George W.'s Veto

Posted: May 06, 2001 12:00 AM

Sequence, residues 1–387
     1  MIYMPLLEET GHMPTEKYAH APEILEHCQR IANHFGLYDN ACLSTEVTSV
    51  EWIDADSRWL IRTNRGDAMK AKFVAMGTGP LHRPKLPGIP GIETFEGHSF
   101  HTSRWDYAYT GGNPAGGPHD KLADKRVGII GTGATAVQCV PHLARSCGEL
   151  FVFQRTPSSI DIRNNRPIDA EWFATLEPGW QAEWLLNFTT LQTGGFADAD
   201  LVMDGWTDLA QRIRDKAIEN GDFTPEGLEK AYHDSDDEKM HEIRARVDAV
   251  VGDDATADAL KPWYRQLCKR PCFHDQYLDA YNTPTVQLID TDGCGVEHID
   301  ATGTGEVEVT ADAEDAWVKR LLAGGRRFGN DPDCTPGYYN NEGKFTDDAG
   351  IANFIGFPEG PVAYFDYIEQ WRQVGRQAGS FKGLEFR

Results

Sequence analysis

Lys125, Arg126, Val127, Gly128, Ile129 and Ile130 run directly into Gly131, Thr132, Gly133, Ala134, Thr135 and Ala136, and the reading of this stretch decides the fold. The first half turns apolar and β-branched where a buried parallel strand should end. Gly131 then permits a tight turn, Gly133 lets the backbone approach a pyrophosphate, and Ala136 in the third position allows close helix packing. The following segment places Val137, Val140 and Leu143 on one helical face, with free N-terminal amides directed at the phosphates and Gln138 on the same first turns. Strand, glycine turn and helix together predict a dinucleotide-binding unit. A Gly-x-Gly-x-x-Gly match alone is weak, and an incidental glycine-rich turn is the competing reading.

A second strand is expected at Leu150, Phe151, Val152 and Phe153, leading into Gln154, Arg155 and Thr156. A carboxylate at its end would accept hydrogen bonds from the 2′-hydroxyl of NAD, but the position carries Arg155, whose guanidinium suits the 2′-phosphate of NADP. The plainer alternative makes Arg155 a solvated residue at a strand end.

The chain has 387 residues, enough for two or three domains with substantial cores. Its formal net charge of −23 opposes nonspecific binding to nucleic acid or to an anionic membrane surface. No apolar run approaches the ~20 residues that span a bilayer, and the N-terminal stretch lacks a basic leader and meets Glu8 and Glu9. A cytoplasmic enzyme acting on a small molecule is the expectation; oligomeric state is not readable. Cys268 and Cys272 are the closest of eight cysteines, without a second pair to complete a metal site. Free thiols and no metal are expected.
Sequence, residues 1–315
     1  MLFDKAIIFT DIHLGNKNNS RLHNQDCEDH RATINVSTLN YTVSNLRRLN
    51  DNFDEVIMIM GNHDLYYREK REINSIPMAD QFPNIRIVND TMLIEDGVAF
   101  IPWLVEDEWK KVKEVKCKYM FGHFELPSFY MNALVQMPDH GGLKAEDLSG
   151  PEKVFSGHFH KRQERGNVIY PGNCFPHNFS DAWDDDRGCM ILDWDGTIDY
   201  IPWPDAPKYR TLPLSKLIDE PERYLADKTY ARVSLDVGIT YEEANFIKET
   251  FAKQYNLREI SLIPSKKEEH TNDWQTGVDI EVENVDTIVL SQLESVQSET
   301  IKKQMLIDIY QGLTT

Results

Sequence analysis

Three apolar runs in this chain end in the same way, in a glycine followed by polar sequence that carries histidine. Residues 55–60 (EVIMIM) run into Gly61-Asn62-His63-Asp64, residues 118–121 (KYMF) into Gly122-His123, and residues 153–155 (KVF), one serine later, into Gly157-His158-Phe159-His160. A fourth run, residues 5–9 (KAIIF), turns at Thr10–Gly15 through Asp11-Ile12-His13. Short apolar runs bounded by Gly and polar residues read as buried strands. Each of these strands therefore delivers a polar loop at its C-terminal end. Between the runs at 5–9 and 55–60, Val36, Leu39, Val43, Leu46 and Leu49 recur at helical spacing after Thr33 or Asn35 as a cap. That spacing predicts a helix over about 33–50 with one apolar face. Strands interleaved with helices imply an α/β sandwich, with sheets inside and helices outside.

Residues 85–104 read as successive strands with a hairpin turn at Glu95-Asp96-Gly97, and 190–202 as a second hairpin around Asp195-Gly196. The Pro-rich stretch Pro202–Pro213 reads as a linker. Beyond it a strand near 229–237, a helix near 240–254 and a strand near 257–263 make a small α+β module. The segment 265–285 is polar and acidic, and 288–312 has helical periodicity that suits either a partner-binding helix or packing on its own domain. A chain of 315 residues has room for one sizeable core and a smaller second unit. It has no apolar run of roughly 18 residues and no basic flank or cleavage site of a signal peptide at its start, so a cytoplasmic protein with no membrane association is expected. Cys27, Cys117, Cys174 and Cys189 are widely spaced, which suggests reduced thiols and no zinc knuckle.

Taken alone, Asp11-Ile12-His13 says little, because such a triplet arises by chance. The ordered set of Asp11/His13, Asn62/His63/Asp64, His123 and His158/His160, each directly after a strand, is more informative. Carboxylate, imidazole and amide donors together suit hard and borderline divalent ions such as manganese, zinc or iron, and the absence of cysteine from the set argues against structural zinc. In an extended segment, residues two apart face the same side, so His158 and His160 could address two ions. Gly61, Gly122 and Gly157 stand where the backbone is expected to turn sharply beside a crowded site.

WASHINGTON -- President Bush has privately informed conservative Republicans in Congress that he welcomes passage of a bloated supplemental appropriations bill, because it would give him a chance to exercise an important veto. Two key Republican senators -- Appropriations Chairman Ted Stevens and Budget Chairman Pete Domenici -- have signaled that they are planning a supplemental bill to pay for flood relief and extra defense spending. Individual members of both parties in both houses of Congress plan to load up that measure with funding for their favorite projects. Bush told sympathetic lawmakers that he relishes the prospect of vetoing such a measure to show he means business about holding down government spending. He expressed confidence that his veto would be sustained in Congress. MOYNIHAN'S CO-CHAIRMAN Richard Parsons, chief operating officer of AOL Time-Warner, first said no to becoming Republican co-chairman of the Social Security reform commission but was talked into accepting the offer. An aide to Nelson Rockefeller as both governor of New York and vice president, Parsons earlier this year rejected a feeler to be deputy Treasury secretary. But he was viewed at the White House as ideal for the Social Security commission: an ideologically moderate African-American Republican who, at age 53, belongs to the early baby boomer generation. Parsons is no expert on Social Security -- unlike the commission's Democratic co-chairman, former Sen. Daniel Patrick Moynihan. Although they are both New Yorkers, Parsons and Moynihan hardly know each other. They talked for a few minutes Wednesday after President Bush unveiled the commission in the White House Rose Garden. NO SEN. FORBES Magazine publisher and two-time presidential aspirant Steve Forbes is unlikely to ride to the rescue of New Jersey's beleaguered Republican Party by running against Democratic Sen. Robert Torricelli next year. Forbes has opened the door a slight crack, but close friends consider it highly unlikely that he will make the run. That adds to deep pessimism within the New Jersey GOP. The state's Republicans privately predict the loss of the governorship, the state assembly and perhaps the state senate in the 2001 elections. A footnote: Party leaders have urged Republicans to lay off criticism of Torricelli, whose campaign financing practices are under federal investigation. They have high hopes of getting Torricelli's votes for tax cuts and don't want to antagonize him. JEB BOWING OUT? Well-placed Florida Republicans believe there is a real chance that Gov. Jeb Bush will not seek election to a second term next year. Bush was an easy winner in 1998, but the bitter Florida presidential recount eroded his popularity. Speculation about 2002 also centers on family troubles experienced by the president's brother. Without Bush running, Lt. Gov. Frank Brogan would be the likely Republican nominee. The strongest Democratic prospect is former Rep. Pete Peterson, who is finishing up as U.S. ambassador to Vietnam. A footnote: Florida joins the list of major states with a current Republican governor but facing a strong Democratic challenge in 2002: New York, Pennsylvania, Illinois, Michigan and even Texas. MCCAIN'S CONFLICT Sen. John McCain, principal sponsor of campaign finance reform, was spotted chatting with a House Democratic ally shortly after a Republican-sponsored House hearing that McCain had said he would miss because of a "scheduling conflict." The hearing was called by Republican Rep. Robert Ney of Ohio, House Administration Committee chairman and a foe of the McCain-Feingold bill. Ney and McCain have been at odds ever since the congressman held a town meeting in Arizona, the senator's home state, that featured criticism of his bill. Although Sen. Russell Feingold and other backers of the reform testified at last Tuesday's hearing, McCain declined because of the unspecified scheduling conflict. But shortly after the hearing ended in the Longworth House Office Building, McCain was seen in a corridor there -- on the other side of Capitol Hill from his own office -- talking to Democratic Rep. Martin Meehan of Massachusetts, co-sponsor of the House counterpart to McCain's bill.